DAVID: My college experience? It was great [laughs]. I don’t think anybody does not have a great college experience, and I say that very honestly. I think if all of you get the opportunity to go to school, however you do it, make sure it happens. And the reason is that, I mean, it’s great. You’re able to talk to people that are basically, in this country, it’s in every country but in this country what happens is there’s like a screening process that takes place. And you can start with the Ivy League schools and filter all the way down to the JCs. And like in California a lot of junior colleges, here we have SLCC, I think. And that’s about it. But what happens is that I can’t get into the Ivy League schools. I don’t have the money. The grades are the common denominator, but money talks. But you get here and most of the kids there are focused. They’re driven; they have great goals. They understand that they have to have a degree, they understand they have to have an education to get to the next level. And so it’s a wonderful opportunity to meet new friends, to be able to talk with professors, to be able to share ideas, to be able to battle with them in the classroom and talk about issues and realities and expectations, and so you just get as much information as you can from them. The only thing about college that I wish I had done more of is that like every class has the expectations of the class grades, percentage, and then they have a whole list of, a reading list, at least they did in my time, I don’t know if they have that now. They give a whole list of books and stuff that you should read. I didn’t do as much as I wish I had done. I really wish I had read all the stuff that they had recommended. Back then you’re young, you’re 18, 19, 20 years old and all you want to do is go out and have a good time on weekends. But I guess the only warning I would have is make sure you’re focused. Don’t get lost in the partying, because it’s there as well. Don’t forget the purpose of that education. So college was fun. I guess the only [other] thing I wish I had done, the other thing, is I wish I had prepared more in high school. I think I wish I had done that a little more. I wish I had taken harder classes. I wish I had focused a little more on my studies. I think that would have helped me prepare a little more. I still remember a paper that I turned into an English class. My ideas were brilliant, they were on that paper, and I blew the professor out of the water. But I still remember the red line comment at the bottom. He said, “Much poor writing.” Great ideas, great support for your hypotheses, but much poor writing. And so that was probably an eye-opener for me. So in high school I wish I spent a little more attention to the education.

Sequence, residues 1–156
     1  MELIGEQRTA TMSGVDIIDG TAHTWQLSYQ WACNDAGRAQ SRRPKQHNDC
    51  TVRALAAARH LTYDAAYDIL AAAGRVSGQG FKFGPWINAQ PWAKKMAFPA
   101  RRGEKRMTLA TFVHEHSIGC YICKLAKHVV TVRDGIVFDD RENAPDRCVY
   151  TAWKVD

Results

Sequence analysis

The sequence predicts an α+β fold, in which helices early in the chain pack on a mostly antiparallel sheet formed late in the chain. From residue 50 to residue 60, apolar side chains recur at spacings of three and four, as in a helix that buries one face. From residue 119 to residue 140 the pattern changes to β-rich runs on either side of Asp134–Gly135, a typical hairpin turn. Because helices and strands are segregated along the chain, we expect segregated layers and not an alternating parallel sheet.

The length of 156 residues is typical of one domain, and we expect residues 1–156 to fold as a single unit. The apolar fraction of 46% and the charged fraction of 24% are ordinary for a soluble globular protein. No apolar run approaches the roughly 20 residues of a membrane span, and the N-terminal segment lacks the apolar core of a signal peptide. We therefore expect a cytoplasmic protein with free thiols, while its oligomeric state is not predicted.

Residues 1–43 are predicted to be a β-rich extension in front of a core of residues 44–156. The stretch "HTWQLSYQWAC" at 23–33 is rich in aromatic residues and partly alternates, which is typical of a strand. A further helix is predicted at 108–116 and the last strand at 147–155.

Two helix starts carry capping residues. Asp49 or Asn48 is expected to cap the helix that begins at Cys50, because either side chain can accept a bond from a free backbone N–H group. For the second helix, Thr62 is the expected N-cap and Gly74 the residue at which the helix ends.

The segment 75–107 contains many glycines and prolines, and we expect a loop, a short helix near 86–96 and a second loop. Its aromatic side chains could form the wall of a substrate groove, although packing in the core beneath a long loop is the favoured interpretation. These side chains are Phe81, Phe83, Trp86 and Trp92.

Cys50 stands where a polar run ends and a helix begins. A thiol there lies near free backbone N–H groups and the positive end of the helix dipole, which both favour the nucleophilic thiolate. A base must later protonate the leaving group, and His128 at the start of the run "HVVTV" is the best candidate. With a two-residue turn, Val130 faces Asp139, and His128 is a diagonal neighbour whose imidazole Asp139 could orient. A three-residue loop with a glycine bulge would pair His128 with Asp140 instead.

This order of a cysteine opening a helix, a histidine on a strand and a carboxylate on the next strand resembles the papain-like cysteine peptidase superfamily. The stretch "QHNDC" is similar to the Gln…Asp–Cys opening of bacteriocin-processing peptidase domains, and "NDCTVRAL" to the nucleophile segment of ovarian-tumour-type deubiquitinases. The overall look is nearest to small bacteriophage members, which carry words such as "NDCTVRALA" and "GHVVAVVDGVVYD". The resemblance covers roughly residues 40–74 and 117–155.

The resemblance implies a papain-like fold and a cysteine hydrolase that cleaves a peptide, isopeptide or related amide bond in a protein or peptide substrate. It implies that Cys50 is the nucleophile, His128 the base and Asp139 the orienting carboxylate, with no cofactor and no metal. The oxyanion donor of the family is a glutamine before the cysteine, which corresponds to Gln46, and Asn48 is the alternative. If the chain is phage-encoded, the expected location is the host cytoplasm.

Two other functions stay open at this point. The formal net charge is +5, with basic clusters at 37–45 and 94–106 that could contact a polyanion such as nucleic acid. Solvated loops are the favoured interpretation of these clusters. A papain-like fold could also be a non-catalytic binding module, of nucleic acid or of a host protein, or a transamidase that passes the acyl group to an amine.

KENT: Was part of your question about how he decided to go to college and what got him to here in college?
DAVID: Or were you thinking that college was hard because of the racial stuff, or, which one?
BLANCA: I don’t know it’d be hard [to adjust] because you don’t know anything [about it].
Yeah, it is, it is a major adjustment. No, serious, that’s a wonderful question. It’s a major, major adjustment. I mean, here I am, a farm worker, picking grapes. You know, I’m not in that world. My parents don’t speak English, my parents, and so all of a sudden I’m taken from my culture, from my world, and I’m over in this world. So, yeah, there’s some major adjustments. I’m dressedthey’re dressed to the nines and they have the support, they have their slide rulersand I didn’t have one, I had a little ruler, plastic ruler. So, yeah, that’s a very, very real question. And in fact, today we have, for example, at this school, there’s a scholarship endowment fund that we have. That’s almost a quarter of a million dollars, here at Horizonte. And a lot of our students are first-time high school graduates in their family, first time in college, and a lot of them don’t make it. A lot of them drop out, because of the question you asked. They don’t know how to navigate past the first speed bump. They’ll go to classes [and say], “Professor Richie, I’m one day late to enroll in your class. Is there a chance that I can get in?” And you say, “No, it’s full.” Okay, and then that’s it, you stop. Instead of coming back the next day [and saying], “Professor Richie, I’d like to sign my name to see if anybody drops from your class if you could add me to that.” You know, all of these little things are part of a game that has to be played and has to be learned, and we didn’t know that. I mean, for me it was easier because my older brothers had kinda set the stage, and so they told us about these things. They told us about when to sign up for classes, who the best professors were, how to schedule your day so that you could work and not have to bother about transportation issues, or housing issues, and all of that stuff. So that’s a very, very good question. It’s a very, very real thing to make sure you’re aware. So yeah, un pobre Méxicano